NewsFri Aug 14, 2009 - 12:15 pm EST
Alberta Parental Rights in Education Could be Implemented by October, Teachers Upset
By Patrick B. Craine
EDMONTON, Alberta, August 14, 2009 (LifeSiteNews.com) - Alberta's new legislation, Bill 44, that recognizes the rights of parents to oversee their children's education, could be implemented as early as October or November, says Culture and Community Spirit Minister Lindsay Blackett.
The controversial bill would amend the province's human rights legislation to require school officials to inform parents in advance of direct discussions about religion, sexuality, or sexual orientation. The bill does not cover indirect or casual classroom discussions, however.
Before it was passed in June, the bill was praised by a coalition of pro-family advocates, but was opposed by various associations of educational professionals, representing the teachers, the school councils, school boards, and superintendents, as well as by gay activists and some parents.
Under the bill, parents could bring complaints against teachers to the Alberta Human Rights and Citizenship Commission (AHRCC) if they feel their rights have been violated.
Minister Blackett told CBC that the bill will not be instituted until October or November, because of continuing discussion over how the legislation will be implemented in the classrooms, and because time is needed for changes to be made in the AHRCC.
"We're looking at overall governance of the commission and we're also looking at training of staff within the commission," Blackett told CBC. "So a lot of those things have to happen and we'd like to get them all tidied up before we actually proclaim the bill into law."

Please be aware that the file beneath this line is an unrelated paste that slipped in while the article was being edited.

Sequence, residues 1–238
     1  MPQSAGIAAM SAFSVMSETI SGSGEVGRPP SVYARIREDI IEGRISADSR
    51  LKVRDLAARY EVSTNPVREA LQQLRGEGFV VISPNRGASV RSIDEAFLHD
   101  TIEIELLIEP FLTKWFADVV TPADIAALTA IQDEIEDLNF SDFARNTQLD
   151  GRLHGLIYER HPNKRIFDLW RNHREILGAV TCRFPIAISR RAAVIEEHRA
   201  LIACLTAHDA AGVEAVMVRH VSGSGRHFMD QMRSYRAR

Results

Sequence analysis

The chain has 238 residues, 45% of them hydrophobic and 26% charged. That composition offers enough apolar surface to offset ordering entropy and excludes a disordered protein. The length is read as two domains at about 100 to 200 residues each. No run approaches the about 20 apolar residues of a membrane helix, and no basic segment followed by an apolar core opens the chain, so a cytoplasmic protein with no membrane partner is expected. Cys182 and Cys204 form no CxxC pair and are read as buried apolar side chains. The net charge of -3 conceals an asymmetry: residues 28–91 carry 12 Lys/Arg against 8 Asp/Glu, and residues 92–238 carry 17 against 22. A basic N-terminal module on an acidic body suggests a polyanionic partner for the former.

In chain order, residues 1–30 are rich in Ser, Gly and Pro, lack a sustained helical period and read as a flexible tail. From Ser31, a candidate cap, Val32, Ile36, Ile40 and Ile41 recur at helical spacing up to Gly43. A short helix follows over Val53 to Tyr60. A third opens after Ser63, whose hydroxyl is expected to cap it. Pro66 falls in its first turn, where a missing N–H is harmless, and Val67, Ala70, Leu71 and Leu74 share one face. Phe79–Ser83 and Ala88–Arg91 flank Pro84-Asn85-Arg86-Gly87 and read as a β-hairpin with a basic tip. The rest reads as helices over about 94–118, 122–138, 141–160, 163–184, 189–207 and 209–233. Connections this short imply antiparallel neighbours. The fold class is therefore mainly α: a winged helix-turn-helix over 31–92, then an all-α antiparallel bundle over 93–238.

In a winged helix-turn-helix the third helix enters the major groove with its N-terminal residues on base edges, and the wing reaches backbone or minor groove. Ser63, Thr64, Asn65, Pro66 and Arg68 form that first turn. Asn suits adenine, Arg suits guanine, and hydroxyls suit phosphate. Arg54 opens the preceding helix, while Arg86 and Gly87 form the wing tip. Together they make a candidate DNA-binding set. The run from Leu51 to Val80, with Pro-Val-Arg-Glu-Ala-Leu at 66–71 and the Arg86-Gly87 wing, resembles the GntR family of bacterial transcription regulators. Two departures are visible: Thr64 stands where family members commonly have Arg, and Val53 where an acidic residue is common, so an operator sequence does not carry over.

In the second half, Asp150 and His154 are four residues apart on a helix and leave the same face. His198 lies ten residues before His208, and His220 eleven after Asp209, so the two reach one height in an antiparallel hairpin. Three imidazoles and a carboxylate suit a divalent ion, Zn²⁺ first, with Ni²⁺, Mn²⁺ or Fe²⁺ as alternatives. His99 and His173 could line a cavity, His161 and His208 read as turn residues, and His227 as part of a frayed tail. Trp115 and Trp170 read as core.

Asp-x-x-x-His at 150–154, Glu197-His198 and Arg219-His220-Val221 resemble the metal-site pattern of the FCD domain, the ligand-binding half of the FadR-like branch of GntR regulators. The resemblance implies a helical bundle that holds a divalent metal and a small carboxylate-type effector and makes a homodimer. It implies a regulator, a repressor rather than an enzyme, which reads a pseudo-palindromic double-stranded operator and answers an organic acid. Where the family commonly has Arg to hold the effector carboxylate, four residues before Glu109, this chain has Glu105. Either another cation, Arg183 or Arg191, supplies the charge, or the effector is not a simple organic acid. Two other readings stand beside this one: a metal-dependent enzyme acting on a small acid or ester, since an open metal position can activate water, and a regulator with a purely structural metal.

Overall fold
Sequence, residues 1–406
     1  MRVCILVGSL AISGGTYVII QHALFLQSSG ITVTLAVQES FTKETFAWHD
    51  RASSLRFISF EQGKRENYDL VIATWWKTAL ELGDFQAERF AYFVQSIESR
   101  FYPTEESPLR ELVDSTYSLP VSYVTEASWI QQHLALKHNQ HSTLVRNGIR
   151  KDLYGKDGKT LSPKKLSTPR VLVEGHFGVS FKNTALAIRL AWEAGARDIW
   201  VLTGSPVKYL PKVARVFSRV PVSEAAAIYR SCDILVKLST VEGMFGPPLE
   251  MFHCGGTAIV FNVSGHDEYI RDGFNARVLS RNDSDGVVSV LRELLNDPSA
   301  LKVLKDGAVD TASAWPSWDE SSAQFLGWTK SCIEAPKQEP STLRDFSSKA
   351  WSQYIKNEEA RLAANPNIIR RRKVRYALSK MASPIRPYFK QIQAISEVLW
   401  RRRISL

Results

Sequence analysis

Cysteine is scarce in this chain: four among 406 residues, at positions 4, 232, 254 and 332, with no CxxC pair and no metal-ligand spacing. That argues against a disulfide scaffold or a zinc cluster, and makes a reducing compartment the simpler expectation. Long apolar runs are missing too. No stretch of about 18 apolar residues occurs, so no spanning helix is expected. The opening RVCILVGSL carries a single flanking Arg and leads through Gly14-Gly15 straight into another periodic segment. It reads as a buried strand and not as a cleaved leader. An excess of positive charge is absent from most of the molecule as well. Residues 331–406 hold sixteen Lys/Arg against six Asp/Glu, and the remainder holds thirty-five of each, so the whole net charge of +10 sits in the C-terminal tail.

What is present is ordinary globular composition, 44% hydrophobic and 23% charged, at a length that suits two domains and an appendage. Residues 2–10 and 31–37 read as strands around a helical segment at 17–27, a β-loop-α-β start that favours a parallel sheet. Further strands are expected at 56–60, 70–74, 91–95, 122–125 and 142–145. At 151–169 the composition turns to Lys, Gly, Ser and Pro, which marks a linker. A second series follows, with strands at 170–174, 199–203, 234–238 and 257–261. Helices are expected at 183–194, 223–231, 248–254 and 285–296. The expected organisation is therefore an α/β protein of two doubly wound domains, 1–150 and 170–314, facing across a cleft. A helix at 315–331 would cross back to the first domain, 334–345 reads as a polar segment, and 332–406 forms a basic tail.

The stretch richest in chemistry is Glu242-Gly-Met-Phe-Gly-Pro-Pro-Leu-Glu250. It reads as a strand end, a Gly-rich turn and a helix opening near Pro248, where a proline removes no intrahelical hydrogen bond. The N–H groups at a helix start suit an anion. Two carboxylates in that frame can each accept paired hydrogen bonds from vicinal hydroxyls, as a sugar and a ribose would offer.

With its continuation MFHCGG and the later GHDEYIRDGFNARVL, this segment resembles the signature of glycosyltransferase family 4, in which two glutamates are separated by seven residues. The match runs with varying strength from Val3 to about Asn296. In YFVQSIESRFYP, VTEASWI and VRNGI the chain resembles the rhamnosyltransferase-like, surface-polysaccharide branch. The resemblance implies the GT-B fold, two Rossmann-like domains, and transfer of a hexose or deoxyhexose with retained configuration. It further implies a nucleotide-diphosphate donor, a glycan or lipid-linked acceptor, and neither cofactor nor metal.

Following CBC's report, the Alberta Teachers' Association (ATA) was surprised by the Minister's plans to bring in the legislation so early, having hoped it would be delayed until the 2010-11 school year.
"There are some serious problems with implementation and protocols," said association president Carol Henderson to the Edmonton Journal on Wednesday. "We were a little bit concerned at how quickly things were moving along."
The Journal reports that teachers are concerned about the possibility of having human rights complaints brought against them due to errors in implementation. According to ATA spokesman, Dennis Theobald, the law still needs to be clarified, particularly regarding dispute resolution.
Blackett, however, said on Tuesday that "the silent majority" are in favour of protecting parental rights. "For those people around the country that think that's somehow wrong," he said and added, "we in Alberta believe in family values, because the family's at the core of what makes a great community….We're taking a lead, here."
Alberta's lead could challenge the other provinces, said Blackett. "Every province is different," he said. "I know that some are interested, but I'm not sure they have the courage to go there."
As Culture Minister, Blackett oversees the human rights commission process in the province. While proud of Alberta's protection of "family values" in the new bill, Bill 44 also represents Alberta's capitulation to the homosexual agenda, enshrining "sexual orientation" as prohibited grounds for discrimination.
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